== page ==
A new law criminalising "non-violent" domestic abuse has been proposed by the Home Secretary, in an attempt to crack down on psychological abuse in relationships.
Theresa May published proposals for a new offence designed to criminalise men who bully or cause emotional harm to their partners, turning non-violent "controlling behaviour" into an offence carrying a prison sentence.
What will the law entail?
The exact terms of the legislation have not yet been outlined, but could involve frightening or intimidating a partner, or purposefully humiliating them. The legislation will also criminalise isolating a victim from friends or family, or denying them access to money.
Currently, the Home Office's official definition of domestic abuse in England and Wales is: "Any incident or pattern of incidents of controlling, coercive, threatening behaviour, violence or abuse between those aged 16 or over who are, or have been, intimate partners or family members regardless of gender or sexuality."
Yet earlier this year, May ordered chief constables to come up with domestic abuse plans by September, to specifically address cases of psychological abuse.
"The government is clear that abuse is not just physical. Victims who are subjected to a living hell by their partners must have the confidence to come forward," the Home Secretary said.
Moves have already been made by the government to improve legislation against domestic violence, including Clare's Law, a domestic violence disclosure scheme. Introduced in March after the murder of 36-year-old Clare Wood by her ex-boyfriend in 2009, the law allows police to release information about prior violent offending by a partner.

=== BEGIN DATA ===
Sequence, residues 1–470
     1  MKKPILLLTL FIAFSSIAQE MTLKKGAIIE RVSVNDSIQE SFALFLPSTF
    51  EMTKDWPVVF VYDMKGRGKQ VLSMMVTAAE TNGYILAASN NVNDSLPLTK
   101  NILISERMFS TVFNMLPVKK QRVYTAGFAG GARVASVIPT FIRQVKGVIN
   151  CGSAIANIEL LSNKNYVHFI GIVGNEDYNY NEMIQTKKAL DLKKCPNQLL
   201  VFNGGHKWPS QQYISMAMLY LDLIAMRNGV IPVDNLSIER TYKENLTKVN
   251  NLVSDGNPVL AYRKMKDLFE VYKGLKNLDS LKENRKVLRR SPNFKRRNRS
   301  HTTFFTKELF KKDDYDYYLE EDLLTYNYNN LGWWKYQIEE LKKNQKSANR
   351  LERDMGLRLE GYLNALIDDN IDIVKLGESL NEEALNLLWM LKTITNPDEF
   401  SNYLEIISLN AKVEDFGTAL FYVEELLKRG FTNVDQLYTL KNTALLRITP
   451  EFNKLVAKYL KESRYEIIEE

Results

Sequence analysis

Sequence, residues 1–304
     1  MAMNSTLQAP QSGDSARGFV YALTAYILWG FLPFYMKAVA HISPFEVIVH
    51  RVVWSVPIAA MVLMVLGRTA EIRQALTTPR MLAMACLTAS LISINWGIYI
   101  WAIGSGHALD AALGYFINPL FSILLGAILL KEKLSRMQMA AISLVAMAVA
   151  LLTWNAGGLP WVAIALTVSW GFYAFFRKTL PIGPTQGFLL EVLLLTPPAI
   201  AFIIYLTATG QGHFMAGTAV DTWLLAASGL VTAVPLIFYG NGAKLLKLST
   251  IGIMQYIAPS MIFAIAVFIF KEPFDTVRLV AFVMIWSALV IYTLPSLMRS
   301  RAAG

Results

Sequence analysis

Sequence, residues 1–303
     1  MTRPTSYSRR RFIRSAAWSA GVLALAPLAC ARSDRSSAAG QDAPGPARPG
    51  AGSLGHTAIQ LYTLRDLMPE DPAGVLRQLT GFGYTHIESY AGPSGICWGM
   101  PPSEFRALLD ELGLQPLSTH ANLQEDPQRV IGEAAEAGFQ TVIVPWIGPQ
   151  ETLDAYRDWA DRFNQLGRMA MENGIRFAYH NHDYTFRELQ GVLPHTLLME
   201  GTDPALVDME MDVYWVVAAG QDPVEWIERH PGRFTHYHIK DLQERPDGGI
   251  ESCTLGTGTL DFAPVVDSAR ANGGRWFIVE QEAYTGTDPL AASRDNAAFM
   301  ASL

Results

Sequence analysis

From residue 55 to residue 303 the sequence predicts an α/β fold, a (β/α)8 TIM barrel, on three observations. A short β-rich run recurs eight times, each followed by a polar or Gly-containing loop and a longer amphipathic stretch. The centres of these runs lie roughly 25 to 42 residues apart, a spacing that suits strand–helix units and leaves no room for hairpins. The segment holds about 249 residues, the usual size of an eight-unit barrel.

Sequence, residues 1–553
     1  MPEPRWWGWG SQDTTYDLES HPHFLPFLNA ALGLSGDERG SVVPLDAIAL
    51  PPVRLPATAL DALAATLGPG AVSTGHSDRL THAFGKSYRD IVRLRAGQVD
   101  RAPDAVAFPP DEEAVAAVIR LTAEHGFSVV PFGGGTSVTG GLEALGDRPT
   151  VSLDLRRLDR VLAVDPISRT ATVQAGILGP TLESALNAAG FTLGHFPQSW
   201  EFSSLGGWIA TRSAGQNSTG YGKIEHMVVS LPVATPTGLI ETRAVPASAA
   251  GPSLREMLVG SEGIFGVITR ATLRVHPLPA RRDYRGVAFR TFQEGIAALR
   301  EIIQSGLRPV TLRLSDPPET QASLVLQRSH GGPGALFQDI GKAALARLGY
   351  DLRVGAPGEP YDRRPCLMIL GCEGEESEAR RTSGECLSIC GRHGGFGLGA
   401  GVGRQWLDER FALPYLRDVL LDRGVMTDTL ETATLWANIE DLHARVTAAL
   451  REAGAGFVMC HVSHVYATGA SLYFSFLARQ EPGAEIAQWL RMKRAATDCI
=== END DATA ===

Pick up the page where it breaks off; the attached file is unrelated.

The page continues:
Earlier this year, the government unveiled a "Cinderella" law - which will see parents who fail to provide their children with love and affection be prosecuted for "emotional cruelty".
The changes, along with the domestic abuse laws proposed this week, mark a significant incursion by the state into "private" affairs.
What will it change?
Existing law already covers coercive and controlling behaviour, including stalking, but does not explicitly apply to relationships. According to May, the proposed legislation will tackle the "brutal reality" of abuse between partners.
Women's Aid, the UK charity working to end domestic violence, said the change would give victims the confidence to speak up about abuse sooner.
Polly Neate, chief executive of the charity, said; "This is a vital step forward for victims of domestic violence. Two women a week are killed by domestic violence, and in our experience of working with survivors, coercive, controlling behaviour is at the heart of the most dangerous abuse."
"We look forward to working closely with the Home Office, the police, and the Crown Prosecution Service to ensure this change gives victims greater confidence to speak out sooner, and perpetrators of domestic violence are identified and dealt with more swiftly and effectively."
In July, women's charities called for the government to criminalise coercive behaviour behind closed doors after the boyfriend of Jayden Parkinson, Ben Blakeley, was found guilty of her murder.
Speaking to IBTimes UK, Laura Richards, chief executive of the charity Paladin, said: "Jayden was coercively controlled by Blakeley. He had abused many other girls too. It's important the pattern of abuse and control is recognised in legislation so girls like Jayden know it is abuse."
"Early identification and protection is important," she added.
HMIC figures revealed a total of 269,700 domestic abuse crimes in the year from September 2012.